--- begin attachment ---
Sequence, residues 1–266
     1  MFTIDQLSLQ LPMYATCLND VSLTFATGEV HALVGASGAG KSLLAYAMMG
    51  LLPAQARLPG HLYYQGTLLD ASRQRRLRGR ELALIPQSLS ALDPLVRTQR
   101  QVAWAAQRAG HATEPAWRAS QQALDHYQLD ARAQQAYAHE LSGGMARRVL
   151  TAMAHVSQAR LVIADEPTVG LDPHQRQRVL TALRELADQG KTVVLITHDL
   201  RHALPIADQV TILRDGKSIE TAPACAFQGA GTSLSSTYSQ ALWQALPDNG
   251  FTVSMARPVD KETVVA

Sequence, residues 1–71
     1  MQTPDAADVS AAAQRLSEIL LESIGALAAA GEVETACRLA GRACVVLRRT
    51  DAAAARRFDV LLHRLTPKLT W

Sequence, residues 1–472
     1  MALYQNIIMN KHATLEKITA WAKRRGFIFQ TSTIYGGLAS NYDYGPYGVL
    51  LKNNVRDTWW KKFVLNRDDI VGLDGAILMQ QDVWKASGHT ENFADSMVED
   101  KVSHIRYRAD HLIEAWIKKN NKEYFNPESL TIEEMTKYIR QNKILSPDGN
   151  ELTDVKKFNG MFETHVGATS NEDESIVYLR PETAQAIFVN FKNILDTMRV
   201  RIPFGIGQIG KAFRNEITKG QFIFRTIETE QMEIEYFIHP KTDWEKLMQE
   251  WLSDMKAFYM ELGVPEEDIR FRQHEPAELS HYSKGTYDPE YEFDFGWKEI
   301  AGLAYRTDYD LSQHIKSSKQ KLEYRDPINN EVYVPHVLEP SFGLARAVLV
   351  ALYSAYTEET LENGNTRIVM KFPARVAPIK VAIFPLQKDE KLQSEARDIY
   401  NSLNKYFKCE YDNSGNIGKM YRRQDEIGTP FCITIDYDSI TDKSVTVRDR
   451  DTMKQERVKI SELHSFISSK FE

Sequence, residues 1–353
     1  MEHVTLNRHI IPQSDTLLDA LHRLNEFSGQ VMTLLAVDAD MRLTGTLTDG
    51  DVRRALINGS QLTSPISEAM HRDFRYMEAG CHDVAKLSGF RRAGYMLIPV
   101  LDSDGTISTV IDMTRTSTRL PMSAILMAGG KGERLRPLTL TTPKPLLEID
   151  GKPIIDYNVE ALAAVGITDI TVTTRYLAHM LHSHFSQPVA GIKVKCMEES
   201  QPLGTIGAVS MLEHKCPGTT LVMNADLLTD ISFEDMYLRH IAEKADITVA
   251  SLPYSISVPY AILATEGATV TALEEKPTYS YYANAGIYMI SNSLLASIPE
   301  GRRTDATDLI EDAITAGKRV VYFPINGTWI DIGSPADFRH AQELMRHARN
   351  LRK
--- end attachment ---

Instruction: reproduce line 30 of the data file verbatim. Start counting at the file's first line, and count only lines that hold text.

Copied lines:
   351  LRK